The people of Southeast Sulawesi are very familiar with palm sugar products, because most people who work as cocoa farmers in the area also tap sugar palm (Arenga pinnata sp.) as a side job when the cocoa harvest season is over. It has turned into the primary occupation for some people in several areas in the province such as in Kolaka Regency. This is because the productivity of cocoa plants is declining and is being replaced with other crops that have high productivity and selling prices.

Palm sugar or brown sugar products that are currently in the market are sugar products that use coconut shell molds or molds from special wood materials (lica-lica wood). Some are also packaged using leaves (jungle jatropha leaves or banana leaves) so it still looks fresh. This very simple and traditional packaging is less attractive for some consumers and may cause obstacles for palm sugar producers from a marketing perspective.

The problems faced by palm sugar producers are quite complex, starting with difficult storage; with a product that is not symmetrical, of course, requires a large storage area. Product durability; this is also a serious problem, packaging using fragile and easily damaged materials will shorten the shelf life of a product. Product promotion also becomes difficult if the shape and appearance of the product is not so attractive. Even the marketing of the product itself becomes a little difficult and orders come only from traders.

Based on these considerations, together with ALPEN (women's alliance) Southeast Sulawesi and farmer groups in Kolaka Regency, a training on new innovative palm sugar products was conducted on August 8, 2021. There were 18 palm producer participants from Lana Village, Langgomali Village, and Ponrewaru Village.

Research was conducted comparing  several similar palm sugar products in the market that are already quite innovative. It was finally decided to make palm sugar in the form of granules or “gula aren semut”. “Semut” means “ants” as the sugar granules look like an army of little red ants. We also added an affirmation in the information about our product in that it is indeed a product of pure palm sap.

Palm sugar is quite easy to make, both traditional and modern tools can be used to make it. However, for our purposes, we have only carried out the training with traditional tools and using the traditional method. The method is quite easy, when the nira or palm sap liquid  is ready to be placed in the mold, the small producers then cool it by stirring constantly in a large pan until the sugar liquid thickens and dries slowly. After the sugar begins to harden into coarse grains, then it is ground with a simple tool made of coconut shells. After that, it is then sieved using a specially made sieve. After that, the sugar is then aerated to reduce the water content that is still in the sugar to make it more durable for long-term storage.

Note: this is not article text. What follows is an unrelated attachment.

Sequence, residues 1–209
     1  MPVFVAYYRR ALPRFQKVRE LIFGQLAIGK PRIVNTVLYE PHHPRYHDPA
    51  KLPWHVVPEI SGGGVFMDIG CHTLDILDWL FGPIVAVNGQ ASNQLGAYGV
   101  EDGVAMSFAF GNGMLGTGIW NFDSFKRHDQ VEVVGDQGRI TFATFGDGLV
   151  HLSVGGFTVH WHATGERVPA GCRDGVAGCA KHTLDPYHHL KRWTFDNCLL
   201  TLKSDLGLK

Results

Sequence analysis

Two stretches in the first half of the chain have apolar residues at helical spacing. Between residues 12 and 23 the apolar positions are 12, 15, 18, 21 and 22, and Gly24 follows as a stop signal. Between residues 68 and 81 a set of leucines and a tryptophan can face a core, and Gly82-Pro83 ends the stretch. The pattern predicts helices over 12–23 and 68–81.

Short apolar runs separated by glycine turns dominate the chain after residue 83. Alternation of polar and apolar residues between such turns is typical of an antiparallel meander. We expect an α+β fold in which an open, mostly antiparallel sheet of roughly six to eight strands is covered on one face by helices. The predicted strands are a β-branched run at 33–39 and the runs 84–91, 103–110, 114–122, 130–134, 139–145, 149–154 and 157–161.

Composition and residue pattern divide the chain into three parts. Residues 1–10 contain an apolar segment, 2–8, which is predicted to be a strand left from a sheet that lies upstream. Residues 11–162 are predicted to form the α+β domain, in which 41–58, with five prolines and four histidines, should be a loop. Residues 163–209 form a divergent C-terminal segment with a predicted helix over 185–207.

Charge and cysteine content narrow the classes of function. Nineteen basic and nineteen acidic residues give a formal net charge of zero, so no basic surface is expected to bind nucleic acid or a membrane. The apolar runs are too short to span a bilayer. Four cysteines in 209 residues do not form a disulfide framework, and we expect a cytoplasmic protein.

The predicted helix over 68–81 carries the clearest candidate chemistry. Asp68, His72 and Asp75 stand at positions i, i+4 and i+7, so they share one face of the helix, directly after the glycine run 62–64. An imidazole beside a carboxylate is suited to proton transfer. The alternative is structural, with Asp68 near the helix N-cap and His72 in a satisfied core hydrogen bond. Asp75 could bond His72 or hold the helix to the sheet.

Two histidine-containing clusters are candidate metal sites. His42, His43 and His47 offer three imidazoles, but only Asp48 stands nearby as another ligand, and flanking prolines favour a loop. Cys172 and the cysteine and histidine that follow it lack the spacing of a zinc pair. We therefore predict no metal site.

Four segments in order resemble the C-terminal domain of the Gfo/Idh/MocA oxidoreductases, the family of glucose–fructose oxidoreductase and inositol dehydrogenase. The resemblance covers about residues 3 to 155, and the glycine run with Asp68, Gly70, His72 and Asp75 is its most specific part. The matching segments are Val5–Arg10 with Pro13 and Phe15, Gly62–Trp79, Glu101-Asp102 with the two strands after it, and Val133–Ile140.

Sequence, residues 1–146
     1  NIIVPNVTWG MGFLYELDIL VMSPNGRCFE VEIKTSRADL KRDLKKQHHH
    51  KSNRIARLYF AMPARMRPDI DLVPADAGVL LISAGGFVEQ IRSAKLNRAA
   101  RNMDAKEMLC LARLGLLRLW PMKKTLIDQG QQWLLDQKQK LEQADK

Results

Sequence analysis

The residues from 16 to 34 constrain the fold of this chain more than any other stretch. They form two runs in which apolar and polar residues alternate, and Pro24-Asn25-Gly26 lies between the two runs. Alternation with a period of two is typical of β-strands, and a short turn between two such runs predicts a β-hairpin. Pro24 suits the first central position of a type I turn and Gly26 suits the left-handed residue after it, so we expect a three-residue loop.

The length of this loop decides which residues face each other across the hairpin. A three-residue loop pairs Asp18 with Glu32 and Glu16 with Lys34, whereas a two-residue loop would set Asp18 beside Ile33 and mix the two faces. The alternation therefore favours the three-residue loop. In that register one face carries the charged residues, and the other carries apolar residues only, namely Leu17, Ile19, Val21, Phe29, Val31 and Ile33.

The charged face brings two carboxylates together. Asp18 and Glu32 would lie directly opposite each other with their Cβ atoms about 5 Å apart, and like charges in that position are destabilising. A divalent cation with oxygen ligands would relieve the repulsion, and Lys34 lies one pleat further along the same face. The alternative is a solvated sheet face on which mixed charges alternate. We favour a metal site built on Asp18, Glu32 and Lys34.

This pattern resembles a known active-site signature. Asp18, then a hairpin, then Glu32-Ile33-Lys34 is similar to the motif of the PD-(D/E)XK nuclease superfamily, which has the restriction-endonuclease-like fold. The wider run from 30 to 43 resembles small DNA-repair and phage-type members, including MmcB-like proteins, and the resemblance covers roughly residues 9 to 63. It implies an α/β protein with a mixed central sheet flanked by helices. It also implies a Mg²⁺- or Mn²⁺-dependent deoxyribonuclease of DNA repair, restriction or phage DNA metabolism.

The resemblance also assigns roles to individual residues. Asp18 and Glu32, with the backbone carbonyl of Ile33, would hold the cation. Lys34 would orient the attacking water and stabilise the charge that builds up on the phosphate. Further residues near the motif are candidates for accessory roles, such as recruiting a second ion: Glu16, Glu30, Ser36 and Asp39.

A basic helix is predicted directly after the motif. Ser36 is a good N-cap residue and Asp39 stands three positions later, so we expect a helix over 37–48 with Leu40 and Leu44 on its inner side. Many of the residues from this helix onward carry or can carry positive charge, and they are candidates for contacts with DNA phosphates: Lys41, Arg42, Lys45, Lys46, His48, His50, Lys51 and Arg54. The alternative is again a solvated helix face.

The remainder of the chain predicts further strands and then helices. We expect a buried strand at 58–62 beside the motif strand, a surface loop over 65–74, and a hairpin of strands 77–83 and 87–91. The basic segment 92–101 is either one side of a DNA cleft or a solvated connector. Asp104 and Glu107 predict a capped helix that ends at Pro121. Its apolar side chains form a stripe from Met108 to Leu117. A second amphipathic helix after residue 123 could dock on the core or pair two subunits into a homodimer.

This drying process will actually be very important, because it will affect the durability of the sugar. According to one of the “Gula Semut Aren” entrepreneurs from East Kolaka, using an oven can help the sugar last even up to 2 years if stored properly. This is a serious problem for the small producers we assist because they are still using traditional methods to reduce the water content of sugar. So, it is still less effective and efficient. So currently the production of granulated palm sugar in the Kolaka community is still very limited. But apart from this, the prospect of palm sugar is still quite promising.

With this innovation, packaging is certainly easier because the sugar product is almost similar to granulated sugar. We can also use plastic packaging in various shapes and sizes. As for consumers, it is certainly easier, because it is more practical. It's different when the palm sugar is still in the shape of a mold. It's a bit of a hassle and takes a longer time. For example, if you want to use it as a cake sprinkle, you have to grate it first.

The last thing that is also very important for small producers is the selling price, with good packaging and attractive products. Of course, they expect a better price for their products, because the process of making palm sugar is not as easy as cane sugar or even conventional brown sugar. Making palm sugar requires patience, tenacity and discipline.

Currently, the producers are working on their small producer registration with the government (PIRT) and working on the quality of the Gula Semut Aren. Sufriadi, pioneer hackathon participants was entrusted with selling and managing the accounts of the artisan groups, and some farmers have also tried to sell online for example on Facebook.